23 December 1888 • Sunday

<Joseph Smith’s birthday Anniversary> This morning I stayed in & kept the gate locked trying to rest and do one or two little things– at noon I dressed and went to the Tabernacle– Br. Nicholson was preaching– and the sacrament passing– some of the members of the Idaho Legislature were there also an English Lord– my husband was in his former accustomed seat in the stand; how grand he looked! the sermon was an excellent one. After meeting I called upon Dr. M. P. Hughes, whose little girl Elizabeth [Cannon] is very ill. Then I went to the big house to dinner, afterwards met my husband in the West parlor– Lydia Ann and myself went to the meeting in the 18th Ward meeting house– Home Missionaries spoke– one was Arthur Stayner– I went over with Lydia Ann– and afterwards spent the night with my husband– there– [p. 382] {p. 385} or at June’s

24 December 1888 • Monday

Today all is bustle and excitement getting ready for Christmas– stores are full streets too and holiday goods is are plentiful– I have finished my purchases– and have had some flowers brought from Reading’s. A turkey came on Saturday– For Annie I bought a shawl soft white for the shoulders, John Q. a book [blank space] Geo. Q. “The Christmas Book” Louise a toy reindeer and Margaret a toy cat– cards and so forth– took the afternoon train and found John Q. at the depot waiting. Annie and all in usual health and so glad to see me– bright fire in the parlor, weather dreadfully cold. Santa Claus kept coming until late. at last we succeeded in getting the children into bed and then Annie began undoing the packages & filling the stockings. [p. 383] {p. 386}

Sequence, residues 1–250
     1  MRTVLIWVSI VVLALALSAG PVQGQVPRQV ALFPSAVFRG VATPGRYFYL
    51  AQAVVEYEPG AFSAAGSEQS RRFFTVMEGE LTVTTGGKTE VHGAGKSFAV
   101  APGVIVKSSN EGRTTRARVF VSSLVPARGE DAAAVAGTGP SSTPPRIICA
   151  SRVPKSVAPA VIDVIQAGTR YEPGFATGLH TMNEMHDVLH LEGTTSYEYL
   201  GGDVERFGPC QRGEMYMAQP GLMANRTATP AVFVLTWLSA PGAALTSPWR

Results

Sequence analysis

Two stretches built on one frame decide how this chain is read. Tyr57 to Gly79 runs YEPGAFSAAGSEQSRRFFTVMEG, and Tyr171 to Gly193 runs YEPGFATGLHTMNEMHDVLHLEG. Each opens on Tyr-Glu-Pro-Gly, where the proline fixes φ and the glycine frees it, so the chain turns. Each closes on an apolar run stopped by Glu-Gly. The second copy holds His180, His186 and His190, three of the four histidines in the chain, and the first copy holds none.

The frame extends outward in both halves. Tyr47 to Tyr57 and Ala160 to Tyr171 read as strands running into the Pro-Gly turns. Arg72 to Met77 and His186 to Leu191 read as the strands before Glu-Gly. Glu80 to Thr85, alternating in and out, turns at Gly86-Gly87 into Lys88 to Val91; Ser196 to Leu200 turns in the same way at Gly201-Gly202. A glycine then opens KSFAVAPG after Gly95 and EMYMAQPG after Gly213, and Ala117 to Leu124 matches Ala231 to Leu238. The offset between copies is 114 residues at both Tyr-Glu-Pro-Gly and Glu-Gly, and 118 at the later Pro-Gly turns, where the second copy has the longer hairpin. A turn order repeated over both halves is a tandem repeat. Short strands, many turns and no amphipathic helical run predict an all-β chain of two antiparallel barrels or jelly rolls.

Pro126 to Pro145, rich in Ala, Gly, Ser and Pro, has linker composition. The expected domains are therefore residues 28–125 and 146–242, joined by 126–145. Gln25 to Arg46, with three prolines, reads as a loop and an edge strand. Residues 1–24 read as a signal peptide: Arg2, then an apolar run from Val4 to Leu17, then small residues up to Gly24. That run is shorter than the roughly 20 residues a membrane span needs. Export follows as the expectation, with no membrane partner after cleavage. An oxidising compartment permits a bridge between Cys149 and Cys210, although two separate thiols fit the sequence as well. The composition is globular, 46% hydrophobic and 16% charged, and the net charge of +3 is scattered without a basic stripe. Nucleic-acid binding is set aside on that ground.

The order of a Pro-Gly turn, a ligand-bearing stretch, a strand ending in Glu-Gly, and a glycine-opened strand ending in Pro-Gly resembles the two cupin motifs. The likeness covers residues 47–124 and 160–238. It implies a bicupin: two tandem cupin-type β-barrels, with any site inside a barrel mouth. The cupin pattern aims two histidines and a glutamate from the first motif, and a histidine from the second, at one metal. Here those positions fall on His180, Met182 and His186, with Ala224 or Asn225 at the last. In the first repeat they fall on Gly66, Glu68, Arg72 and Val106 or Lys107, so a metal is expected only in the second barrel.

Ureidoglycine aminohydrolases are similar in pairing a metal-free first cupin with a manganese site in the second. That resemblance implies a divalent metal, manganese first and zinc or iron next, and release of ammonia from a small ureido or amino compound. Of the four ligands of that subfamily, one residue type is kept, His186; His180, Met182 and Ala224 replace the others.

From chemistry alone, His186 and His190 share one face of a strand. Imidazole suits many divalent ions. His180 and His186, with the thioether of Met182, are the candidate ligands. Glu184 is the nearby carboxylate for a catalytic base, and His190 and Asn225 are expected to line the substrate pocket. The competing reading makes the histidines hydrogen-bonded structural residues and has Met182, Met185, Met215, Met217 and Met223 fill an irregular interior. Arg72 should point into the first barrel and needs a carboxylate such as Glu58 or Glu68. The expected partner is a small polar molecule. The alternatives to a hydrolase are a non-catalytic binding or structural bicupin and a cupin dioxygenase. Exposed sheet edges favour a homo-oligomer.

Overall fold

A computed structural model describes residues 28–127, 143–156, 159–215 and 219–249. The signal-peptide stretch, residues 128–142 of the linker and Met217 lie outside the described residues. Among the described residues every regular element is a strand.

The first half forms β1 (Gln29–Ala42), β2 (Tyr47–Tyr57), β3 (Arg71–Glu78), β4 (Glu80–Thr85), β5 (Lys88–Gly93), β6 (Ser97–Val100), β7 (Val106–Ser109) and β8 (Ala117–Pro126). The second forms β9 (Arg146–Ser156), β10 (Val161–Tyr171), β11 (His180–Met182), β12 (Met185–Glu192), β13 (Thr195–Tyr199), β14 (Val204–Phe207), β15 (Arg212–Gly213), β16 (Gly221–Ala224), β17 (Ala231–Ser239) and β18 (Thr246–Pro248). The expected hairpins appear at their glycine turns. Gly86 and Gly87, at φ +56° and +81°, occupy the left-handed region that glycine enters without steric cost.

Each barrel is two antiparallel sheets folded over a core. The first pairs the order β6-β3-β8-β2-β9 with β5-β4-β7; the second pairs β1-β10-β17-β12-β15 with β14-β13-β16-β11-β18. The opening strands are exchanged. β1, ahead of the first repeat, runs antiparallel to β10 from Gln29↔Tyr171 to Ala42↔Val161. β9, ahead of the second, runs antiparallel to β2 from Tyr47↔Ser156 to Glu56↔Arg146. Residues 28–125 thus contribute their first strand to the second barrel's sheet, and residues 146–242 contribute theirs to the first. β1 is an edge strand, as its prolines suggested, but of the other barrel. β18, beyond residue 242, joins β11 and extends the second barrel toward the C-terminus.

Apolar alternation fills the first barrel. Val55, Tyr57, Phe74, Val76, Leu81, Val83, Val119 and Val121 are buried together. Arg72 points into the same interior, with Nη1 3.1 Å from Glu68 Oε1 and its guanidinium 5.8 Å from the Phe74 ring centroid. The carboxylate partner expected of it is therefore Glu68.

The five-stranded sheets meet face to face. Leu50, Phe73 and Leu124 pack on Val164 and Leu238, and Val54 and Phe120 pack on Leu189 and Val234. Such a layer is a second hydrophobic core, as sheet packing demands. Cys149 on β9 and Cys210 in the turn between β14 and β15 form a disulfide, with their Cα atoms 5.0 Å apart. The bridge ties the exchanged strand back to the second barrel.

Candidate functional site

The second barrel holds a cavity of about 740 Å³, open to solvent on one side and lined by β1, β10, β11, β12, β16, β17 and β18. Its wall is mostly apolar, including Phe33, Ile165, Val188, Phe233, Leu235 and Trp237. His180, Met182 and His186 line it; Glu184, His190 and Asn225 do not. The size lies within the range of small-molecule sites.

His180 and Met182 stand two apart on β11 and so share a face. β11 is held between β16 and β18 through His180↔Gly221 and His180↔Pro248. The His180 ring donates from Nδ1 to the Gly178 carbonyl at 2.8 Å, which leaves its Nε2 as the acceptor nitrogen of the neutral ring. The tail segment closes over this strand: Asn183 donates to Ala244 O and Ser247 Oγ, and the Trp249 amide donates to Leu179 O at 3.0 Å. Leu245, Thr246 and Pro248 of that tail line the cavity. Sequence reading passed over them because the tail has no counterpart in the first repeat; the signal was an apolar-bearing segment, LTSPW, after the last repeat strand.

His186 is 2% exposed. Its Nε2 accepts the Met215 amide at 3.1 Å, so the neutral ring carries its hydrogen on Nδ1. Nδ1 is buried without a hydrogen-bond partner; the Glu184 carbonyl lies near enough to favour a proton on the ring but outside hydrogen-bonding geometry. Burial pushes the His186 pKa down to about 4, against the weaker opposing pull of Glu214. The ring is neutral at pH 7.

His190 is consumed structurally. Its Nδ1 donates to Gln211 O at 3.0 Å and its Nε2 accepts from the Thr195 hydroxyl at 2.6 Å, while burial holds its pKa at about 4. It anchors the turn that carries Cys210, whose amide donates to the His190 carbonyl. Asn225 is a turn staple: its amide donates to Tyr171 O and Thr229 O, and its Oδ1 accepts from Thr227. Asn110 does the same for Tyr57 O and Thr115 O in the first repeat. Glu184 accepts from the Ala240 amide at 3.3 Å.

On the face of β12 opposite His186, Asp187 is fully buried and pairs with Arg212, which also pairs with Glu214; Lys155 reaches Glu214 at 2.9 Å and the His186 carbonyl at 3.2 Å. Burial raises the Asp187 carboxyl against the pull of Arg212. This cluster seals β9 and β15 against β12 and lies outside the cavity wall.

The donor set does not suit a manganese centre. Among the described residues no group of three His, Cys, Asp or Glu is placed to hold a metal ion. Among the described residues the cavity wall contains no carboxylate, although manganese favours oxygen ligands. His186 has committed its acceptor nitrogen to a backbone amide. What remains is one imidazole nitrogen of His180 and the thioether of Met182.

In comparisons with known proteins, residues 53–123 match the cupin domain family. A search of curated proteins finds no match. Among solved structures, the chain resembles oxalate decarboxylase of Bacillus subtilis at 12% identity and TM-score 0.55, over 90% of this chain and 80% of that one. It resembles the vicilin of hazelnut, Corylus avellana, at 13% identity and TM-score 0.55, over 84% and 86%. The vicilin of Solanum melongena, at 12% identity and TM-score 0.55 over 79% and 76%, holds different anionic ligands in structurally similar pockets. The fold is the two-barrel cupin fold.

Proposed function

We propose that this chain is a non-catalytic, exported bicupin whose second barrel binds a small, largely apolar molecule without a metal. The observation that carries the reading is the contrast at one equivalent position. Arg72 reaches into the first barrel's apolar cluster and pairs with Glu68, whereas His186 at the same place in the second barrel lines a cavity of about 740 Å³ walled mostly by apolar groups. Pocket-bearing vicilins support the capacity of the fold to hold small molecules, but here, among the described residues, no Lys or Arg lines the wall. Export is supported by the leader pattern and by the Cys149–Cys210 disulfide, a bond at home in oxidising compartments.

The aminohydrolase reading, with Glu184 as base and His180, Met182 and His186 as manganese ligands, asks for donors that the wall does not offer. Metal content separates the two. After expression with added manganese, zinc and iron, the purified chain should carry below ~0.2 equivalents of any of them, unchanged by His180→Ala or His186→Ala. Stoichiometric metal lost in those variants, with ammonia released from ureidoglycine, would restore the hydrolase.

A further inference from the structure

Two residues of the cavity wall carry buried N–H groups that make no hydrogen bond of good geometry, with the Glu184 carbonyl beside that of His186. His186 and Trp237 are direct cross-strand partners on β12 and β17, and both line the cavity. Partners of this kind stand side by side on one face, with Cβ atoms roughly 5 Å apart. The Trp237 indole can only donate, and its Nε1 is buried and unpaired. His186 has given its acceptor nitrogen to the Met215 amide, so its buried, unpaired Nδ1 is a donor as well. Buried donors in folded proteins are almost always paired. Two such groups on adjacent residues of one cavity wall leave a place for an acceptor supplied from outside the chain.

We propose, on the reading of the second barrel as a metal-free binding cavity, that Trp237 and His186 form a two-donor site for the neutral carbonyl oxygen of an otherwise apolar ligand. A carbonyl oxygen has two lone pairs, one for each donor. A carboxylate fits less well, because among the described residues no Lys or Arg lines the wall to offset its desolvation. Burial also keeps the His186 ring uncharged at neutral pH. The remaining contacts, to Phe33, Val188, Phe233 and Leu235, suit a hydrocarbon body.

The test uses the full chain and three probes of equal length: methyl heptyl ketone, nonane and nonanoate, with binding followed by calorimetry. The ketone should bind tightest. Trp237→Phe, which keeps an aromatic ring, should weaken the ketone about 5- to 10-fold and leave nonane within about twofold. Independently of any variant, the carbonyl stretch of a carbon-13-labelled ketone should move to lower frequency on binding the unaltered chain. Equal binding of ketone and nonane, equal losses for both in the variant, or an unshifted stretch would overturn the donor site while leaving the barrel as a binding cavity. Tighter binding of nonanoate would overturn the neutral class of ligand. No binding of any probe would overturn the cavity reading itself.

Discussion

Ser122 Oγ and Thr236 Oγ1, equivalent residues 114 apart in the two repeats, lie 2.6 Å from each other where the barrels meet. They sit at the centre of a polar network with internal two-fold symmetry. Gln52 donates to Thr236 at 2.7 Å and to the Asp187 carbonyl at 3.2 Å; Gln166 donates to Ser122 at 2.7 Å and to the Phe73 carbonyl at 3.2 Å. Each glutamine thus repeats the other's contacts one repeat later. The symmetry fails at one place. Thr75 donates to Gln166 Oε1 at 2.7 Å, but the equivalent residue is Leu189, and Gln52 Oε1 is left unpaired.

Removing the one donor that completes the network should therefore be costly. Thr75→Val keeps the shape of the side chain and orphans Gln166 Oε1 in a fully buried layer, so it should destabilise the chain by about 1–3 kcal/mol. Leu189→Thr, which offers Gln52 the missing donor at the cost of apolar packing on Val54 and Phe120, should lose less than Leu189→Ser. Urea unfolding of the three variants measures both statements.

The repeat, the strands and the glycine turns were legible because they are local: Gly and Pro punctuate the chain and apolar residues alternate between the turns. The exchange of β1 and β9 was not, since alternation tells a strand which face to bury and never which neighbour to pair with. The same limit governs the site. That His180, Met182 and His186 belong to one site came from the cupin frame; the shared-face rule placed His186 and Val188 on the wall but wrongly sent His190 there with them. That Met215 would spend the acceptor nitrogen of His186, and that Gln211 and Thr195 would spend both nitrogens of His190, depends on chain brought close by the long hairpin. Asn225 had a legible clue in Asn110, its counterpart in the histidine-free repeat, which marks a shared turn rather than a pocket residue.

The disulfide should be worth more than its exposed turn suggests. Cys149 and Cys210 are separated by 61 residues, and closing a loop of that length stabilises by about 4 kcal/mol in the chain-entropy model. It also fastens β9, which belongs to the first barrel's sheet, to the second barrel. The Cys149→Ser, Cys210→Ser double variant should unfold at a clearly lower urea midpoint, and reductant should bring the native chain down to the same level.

25 December 1888 • Tuesday

This morning Q. was up first tho’ Annie & I had sat up long after midnight and had wished each other a Merrie Christmas– even if our hearts did ache– John Q. too came home and spoke to me and Annie went with him into the parlor to look at the children’s things for they had each a chair full and more beside their stockings being filled with candy, nuts raisins and oranges. I was very late in getting up– but Q. came to me about seven o’clock and told me how glad he was. Santa Claus had brought him the two things he most wanted & they were boots and a sled. And said he, “I am satisfied” We had a nice happy day, so far as any unpleasantness of any sort was concerned there was nothing to mar our peace– even the servant girl was on her good behavior– [p. 384] {p. 387}